I'm a manager at an engineering company, and I hired an out-of-work political science major to do data entry and other clerical stuff. We don't pay him a lot, but our deal is that he gets to learn about computers on our dime when he's doing data entry. There's only one problem: he types so badly that he makes a ton of mistakes—adding extra numbers, leaving some out, even hitting letters instead of numbers. Isn't there some way Excel can flag a mistake before he enters the data?
The secret is using data validation. Click a cell (or a group of selected cells), and then turn on the validation feature by selecting Data → Validation and clicking the Settings tab. From the Allow drop-down menu, pick the type of validation criteria you want to use, and then specify its parameters from the drop-down menus that appear below. The type of validation you select in the Allow drop down determines what other options appear below. If you select Whole number, for example, you can specify whether the entered values should be between two other values, not between two other values, or less than or greater than a value. You can hardcode the value by picking "equal to" from the Data drop-down menu and typing the value into the Value field. Figure 1 shows the types of criteria you can create.
For instance, if he's supposed to be typing in Zip Codes, and you want to make sure he doesn't leave out digits or add extra ones, set the Text length validation rule to require a number between 5 and 5. If he's supposed to enter 94607 and he types 9460 by mistake, he'll receive an error message reading "The value you entered is not valid."
If you want to make sure he doesn't forget to enter data in a critical cell, uncheck the "Ignore blank" box in the Data Validation dialog. That forces him to enter something in the cell. (If you want, you can determine exactly what he needs to enter by selecting the appropriate entry in the Allow drop down.) If the "Ignore blank" box is grayed out, temporarily select anything except "Any value" in the Allow drop down; this makes the "Ignore blank" box accessible. After you uncheck it, you can return to "Any value" if you want, and the "Ignore blank" box, though grayed out, will remain unchecked so that he will have to enter something in the cell.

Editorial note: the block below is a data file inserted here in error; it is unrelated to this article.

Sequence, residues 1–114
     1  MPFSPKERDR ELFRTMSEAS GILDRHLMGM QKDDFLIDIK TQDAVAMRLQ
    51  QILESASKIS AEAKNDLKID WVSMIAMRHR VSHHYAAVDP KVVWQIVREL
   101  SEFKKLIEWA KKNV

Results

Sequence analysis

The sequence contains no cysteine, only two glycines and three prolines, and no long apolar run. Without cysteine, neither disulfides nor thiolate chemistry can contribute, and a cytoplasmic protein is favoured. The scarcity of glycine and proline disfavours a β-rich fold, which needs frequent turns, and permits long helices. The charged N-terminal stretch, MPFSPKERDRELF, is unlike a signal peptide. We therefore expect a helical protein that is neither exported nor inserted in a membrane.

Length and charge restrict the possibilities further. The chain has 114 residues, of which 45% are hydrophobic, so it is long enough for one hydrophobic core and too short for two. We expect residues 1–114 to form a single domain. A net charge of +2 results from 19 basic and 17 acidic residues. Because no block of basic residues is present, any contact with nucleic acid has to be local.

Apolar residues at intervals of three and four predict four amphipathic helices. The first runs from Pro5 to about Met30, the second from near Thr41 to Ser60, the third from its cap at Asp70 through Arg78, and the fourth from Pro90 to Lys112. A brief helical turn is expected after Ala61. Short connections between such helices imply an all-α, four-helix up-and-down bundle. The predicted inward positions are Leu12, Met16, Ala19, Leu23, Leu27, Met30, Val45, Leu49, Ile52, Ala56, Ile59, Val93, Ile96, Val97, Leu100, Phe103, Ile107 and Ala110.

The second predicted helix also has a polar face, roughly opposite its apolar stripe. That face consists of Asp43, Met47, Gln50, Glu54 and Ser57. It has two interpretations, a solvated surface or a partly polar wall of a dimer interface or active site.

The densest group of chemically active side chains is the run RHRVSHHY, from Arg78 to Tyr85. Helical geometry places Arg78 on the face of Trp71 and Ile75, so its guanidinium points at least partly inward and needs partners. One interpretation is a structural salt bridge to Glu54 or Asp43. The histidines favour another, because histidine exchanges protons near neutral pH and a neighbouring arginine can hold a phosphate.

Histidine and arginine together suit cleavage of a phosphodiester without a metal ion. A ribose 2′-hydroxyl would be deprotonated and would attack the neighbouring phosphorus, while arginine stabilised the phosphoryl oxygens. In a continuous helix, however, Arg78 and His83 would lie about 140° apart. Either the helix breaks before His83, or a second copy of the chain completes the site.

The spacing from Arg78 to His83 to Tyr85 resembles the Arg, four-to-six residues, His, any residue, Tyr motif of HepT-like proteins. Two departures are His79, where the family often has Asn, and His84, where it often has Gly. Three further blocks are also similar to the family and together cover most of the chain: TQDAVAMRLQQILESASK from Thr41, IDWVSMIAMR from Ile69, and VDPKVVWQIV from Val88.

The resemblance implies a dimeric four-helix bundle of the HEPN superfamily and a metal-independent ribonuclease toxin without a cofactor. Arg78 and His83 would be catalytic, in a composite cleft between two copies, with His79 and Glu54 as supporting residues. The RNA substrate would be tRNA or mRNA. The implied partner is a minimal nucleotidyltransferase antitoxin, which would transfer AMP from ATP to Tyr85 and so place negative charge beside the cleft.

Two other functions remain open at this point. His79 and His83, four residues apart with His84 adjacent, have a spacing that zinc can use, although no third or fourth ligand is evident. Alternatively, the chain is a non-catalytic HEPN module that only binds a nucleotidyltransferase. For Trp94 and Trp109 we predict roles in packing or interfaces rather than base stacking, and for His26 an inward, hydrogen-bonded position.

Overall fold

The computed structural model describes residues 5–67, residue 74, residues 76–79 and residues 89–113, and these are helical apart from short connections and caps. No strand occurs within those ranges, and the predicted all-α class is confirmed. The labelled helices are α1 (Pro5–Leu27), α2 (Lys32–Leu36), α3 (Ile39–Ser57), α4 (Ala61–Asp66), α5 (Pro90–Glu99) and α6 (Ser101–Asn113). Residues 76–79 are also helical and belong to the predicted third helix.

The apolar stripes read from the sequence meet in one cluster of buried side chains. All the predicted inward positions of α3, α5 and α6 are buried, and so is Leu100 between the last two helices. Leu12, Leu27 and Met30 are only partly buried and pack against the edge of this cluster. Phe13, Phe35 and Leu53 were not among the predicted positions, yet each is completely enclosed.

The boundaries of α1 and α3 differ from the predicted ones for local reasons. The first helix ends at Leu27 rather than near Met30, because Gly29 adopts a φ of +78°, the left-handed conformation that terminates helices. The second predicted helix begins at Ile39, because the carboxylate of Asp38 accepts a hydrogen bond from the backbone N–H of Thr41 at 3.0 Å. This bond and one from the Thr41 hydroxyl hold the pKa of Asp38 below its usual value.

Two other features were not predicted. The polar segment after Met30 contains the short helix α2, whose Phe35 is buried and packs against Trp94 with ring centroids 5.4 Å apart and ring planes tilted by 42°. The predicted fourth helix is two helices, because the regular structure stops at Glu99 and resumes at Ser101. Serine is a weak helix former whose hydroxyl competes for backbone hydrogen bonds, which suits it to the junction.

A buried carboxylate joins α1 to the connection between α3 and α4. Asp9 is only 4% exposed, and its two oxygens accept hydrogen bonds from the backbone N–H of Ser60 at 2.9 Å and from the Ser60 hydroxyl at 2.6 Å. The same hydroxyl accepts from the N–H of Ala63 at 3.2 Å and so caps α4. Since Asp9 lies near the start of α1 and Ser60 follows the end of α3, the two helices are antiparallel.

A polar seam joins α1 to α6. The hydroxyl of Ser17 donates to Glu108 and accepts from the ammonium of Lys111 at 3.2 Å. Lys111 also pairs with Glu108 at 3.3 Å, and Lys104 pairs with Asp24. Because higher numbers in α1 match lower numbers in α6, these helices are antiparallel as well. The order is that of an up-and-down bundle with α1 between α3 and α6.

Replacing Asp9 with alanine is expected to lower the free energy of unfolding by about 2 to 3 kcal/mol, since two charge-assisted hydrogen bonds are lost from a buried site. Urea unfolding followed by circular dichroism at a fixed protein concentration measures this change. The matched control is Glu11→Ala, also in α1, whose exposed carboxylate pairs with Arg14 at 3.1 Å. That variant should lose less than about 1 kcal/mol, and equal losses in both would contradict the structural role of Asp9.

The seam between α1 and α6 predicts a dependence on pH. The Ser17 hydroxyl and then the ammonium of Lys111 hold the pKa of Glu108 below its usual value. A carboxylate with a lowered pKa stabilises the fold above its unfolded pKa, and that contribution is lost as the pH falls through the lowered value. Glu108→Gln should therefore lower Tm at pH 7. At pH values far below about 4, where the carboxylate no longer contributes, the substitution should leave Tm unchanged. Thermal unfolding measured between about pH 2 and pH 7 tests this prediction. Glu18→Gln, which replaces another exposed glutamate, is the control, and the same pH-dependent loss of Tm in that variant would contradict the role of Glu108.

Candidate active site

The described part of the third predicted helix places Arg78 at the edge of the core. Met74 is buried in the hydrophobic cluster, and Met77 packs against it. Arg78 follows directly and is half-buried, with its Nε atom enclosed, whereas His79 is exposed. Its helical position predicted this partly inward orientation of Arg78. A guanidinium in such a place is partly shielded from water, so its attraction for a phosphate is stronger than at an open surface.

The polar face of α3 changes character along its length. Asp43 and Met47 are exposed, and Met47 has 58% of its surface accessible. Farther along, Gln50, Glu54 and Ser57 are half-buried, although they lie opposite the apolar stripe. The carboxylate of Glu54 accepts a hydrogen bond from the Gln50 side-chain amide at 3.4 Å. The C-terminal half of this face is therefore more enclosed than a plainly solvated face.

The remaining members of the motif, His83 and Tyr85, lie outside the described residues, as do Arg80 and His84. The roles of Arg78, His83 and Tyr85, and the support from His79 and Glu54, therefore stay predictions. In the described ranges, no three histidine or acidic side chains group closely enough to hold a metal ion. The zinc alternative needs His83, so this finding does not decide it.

If you want to keep users from typing data into a cell, you can restrict them to selecting entries from a list. The trick: select List from the Allow drop-down menu. When you do, a field titled Source appears. You can define the list's values by either selecting a range of cells from the worksheet, or typing values into the Source field, with each one separated by a comma. Entries in the Source field can include spaces, semicolons, and almost any other character. The only character you can't use is the one that separates entries, i.e., the comma. For example, your list of categories might look like this: Service Plans, Accessories, Sales, On-Site.
Learn more about this topic from Excel Annoyances.
Excel Annoyances addresses all of the quirks, bugs, and hidden features found in the various versions of the Excel spreadsheet program. Broken down into several easy-to-follow categories such as Entering Data, Formatting, Charting, and Printing, Excel Annoyances uncovers a goldmine of helpful nuggets that you can use to maximize Excel's seemingly limitless potential.